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The research project could provide clarity on the possibility of inter-basin transfer between Luapula River Basin and Kafue River Basin. Speed read Zambia water project aims to address climate impacts…

The research project could provide clarity on the possibility of inter-basin transfer between Luapula River Basin and Kafue River Basin.

Speed read
Zambia water project aims to address climate impacts and boost water sustainability
It will explore merits of interbasin transfer between Luapula and Kafue river basins
Project should ensure reliable water supply for future generations

By Scovian Lillian

[NAIROBI] A water conservation research project in the Upper Zambezi and Luapula river basins in Zambia could improve water management, raise low water levels and reduce power shortages caused by climate change impacts, a water researcher says.

Currently, the country is losing water resources because of changing weather patterns and rising temperatures, threatening basic needs like drinking water and farming.

Nyambe Imasike, professor of geology and coordinator of the University of Zambia’s Integrated Water Resources Management, says that the project to enhance the catchment protection and management of the two river basins will improve the quality of the ecosystem through better water management practices.

This water conservation research project is already contributing to knowledge on the availability of water supply and sanitation, hydropower generation, flood control, and food security, particularly with climate change and variability.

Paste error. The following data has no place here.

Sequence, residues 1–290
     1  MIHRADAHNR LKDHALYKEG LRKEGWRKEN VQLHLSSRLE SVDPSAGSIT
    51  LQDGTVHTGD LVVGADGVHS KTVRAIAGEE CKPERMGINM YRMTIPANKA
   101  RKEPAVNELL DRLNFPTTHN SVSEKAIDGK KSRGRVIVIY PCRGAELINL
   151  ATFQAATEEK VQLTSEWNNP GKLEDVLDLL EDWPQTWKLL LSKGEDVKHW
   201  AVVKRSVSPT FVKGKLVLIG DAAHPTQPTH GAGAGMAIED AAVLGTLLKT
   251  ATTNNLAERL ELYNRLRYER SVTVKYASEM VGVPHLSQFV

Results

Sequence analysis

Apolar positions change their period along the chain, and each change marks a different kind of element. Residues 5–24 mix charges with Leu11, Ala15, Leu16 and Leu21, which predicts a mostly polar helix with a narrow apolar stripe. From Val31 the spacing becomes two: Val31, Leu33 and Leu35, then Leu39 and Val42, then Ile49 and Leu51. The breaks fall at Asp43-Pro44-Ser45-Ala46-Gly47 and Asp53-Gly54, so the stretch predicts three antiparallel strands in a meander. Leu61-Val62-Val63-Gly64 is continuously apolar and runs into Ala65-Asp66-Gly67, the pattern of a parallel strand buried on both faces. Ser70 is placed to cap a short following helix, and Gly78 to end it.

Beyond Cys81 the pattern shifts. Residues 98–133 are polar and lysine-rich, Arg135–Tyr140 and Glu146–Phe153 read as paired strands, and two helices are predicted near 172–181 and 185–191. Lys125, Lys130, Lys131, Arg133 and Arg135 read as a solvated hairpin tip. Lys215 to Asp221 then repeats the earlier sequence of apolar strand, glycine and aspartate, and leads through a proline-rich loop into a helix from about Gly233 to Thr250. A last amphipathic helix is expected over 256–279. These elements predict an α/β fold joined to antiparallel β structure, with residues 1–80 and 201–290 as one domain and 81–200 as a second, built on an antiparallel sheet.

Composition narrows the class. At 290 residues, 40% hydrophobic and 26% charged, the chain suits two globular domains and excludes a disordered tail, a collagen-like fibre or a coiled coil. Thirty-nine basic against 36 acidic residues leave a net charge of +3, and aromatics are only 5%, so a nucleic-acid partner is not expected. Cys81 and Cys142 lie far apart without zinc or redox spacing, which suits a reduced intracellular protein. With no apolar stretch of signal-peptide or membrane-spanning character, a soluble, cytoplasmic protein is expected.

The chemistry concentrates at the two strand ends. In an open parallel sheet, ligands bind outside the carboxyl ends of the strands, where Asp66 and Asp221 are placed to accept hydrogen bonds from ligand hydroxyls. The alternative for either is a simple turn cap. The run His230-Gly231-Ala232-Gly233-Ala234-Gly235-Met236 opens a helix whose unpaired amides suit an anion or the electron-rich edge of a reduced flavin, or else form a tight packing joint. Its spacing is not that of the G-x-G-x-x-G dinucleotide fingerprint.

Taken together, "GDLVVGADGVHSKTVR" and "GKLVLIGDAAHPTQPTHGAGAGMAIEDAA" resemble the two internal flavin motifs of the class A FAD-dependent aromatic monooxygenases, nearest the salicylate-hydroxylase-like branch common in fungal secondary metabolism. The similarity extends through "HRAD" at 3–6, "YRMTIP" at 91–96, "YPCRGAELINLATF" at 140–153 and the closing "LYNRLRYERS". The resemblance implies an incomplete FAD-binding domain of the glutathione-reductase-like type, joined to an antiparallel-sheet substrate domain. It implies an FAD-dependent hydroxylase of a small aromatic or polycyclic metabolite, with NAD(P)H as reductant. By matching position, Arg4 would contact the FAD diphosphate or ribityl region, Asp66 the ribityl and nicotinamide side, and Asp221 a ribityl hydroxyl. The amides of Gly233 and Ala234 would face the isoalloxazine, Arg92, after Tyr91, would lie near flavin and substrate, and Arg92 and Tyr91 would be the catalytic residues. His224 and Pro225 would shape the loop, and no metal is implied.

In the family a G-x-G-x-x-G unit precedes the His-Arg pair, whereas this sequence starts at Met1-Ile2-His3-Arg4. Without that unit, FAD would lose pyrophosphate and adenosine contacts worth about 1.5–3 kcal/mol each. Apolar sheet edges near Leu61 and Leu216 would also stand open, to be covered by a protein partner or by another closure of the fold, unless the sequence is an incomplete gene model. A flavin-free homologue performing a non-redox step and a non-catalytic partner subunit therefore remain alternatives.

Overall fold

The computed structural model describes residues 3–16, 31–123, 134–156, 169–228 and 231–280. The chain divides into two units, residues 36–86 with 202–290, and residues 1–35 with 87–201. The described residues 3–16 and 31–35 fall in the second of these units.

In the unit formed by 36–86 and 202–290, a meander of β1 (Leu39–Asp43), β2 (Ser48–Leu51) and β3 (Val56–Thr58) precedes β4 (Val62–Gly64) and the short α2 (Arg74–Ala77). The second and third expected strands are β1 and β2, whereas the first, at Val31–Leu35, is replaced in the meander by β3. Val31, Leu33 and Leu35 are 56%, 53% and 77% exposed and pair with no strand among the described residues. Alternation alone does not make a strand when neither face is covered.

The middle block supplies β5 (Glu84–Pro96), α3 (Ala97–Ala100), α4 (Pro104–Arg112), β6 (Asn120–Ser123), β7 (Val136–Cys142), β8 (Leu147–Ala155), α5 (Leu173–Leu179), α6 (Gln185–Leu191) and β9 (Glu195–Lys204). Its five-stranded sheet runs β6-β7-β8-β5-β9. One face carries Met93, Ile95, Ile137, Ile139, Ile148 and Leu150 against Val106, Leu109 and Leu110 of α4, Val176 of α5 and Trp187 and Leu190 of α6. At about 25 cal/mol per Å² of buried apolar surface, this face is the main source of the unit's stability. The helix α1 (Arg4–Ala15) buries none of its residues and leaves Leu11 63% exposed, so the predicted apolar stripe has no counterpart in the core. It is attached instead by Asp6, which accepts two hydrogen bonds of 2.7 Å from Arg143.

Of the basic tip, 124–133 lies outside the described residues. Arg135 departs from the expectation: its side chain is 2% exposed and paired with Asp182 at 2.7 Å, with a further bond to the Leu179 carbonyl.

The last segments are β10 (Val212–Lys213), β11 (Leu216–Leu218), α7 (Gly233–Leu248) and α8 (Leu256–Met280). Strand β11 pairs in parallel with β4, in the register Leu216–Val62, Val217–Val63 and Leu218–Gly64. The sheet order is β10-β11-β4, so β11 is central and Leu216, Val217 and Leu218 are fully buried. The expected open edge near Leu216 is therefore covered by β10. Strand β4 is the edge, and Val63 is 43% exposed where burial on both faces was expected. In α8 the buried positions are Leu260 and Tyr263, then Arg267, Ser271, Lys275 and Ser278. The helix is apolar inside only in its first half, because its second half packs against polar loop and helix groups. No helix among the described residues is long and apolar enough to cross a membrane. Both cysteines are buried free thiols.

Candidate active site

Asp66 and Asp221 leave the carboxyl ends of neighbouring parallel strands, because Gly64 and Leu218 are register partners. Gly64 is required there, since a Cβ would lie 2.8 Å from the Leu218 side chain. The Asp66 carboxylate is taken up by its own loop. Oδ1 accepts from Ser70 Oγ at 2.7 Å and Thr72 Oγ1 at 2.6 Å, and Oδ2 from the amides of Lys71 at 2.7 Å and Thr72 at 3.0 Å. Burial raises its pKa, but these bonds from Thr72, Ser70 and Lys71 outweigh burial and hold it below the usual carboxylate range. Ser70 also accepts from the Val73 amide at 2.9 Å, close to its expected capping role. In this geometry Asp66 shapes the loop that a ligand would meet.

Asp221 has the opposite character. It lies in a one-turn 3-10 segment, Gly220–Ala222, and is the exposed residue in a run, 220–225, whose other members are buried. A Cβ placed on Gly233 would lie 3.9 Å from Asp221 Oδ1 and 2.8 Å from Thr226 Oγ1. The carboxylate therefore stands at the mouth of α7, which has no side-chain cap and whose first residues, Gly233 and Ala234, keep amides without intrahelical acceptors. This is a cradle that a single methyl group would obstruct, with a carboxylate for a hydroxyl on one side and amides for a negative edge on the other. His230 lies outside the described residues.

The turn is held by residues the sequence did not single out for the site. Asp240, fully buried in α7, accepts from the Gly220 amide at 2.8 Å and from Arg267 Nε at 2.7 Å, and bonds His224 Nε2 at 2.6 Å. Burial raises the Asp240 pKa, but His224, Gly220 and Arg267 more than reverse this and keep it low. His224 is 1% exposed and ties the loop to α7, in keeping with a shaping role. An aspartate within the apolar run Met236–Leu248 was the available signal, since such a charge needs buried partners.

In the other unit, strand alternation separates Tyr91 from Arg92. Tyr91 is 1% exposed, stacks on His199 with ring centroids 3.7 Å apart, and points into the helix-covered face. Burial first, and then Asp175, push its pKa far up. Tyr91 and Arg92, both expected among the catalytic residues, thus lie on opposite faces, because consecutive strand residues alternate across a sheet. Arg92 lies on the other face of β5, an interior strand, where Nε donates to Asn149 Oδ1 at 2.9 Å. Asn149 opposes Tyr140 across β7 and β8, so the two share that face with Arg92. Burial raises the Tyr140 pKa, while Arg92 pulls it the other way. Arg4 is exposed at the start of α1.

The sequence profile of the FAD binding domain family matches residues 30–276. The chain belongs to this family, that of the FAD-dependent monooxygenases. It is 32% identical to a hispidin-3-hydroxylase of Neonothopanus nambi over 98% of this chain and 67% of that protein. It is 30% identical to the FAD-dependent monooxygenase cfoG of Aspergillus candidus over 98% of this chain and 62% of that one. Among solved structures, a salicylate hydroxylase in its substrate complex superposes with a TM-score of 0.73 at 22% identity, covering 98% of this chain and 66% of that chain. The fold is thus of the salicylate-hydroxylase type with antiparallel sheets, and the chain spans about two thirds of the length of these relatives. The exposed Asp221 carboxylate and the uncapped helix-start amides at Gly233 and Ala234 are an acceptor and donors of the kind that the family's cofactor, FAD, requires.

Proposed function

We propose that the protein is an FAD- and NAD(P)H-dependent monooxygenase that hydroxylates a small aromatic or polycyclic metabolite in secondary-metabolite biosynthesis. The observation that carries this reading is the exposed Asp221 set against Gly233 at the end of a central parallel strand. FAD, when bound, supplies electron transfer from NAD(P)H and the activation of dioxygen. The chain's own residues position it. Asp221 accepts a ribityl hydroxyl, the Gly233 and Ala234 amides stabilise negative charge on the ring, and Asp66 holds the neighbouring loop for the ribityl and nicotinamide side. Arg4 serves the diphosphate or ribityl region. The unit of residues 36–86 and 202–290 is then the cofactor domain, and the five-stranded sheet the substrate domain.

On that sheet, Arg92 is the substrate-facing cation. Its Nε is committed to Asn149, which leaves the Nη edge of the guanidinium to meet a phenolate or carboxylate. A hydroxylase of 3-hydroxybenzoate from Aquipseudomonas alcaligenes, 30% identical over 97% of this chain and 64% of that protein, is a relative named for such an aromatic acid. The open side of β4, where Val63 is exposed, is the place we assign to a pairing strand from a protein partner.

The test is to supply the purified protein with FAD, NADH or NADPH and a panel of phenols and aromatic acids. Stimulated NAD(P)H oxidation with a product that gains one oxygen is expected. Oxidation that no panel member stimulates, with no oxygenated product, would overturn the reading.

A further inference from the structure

Nyambe Imasiku, professor of geology and coordinator of the University of Zambia’s Integrated Water Resources Management

“Zambia’s developmental challenges are centered on agriculture, manufacturing, mining industry diversification, followed by tourism, of which without water there will be no development,” Imasike tells SciDev.Net.

“Water is the main source of energy through hydropower and this drives the economy in Zambia.”

Imasike says the initiative aims to build understanding of water quality and availability and use that knowledge to establish solutions for cleaning up waste from mining. It will focus on managing water, energy, food and the environment as a whole.

A comprehensive report will be produced for the Zambian government on the possibility of inter-basin transfer between the Luapula and Kafue river basins, putting to rest an ongoing debate for or against transferring water from one basin to another.

Inter-basin transfer is the process of transferring water from one basin to another to improve water security in water-scarce areas.

Imasike says the project will ensure reliable water supply for future generations, addressing concerns about water availability.

The water conservation research project began in October 2020 as part of the O.R Tambo Africa Research Initiative (ORTARChi), which empowers young African water experts by providing research equipment and improving technical skills. It has enabled them to develop solutions such as using bacteria to clean up waste from mining in Zambia’s Copperbelt.

ORTARChi is being implemented by South Africa’s National Research Foundation and the Science Granting Councils Initiative (SGCI).

Launched in 2015, the SGCI supports 16 Sub-Saharan African science agencies, empowering them to fund research and driving development with strong evidence and policies.

“This water conservation research project is already contributing to knowledge on the availability of water supply and sanitation, hydropower generation, flood control, and food security, particularly with climate change and variability,” says Imasike.

He adds that the project contributes to the Sustainable Development Goal on water availability and sanitation, as well as goals on food security, economic growth, affordable energy, and biodiversity.

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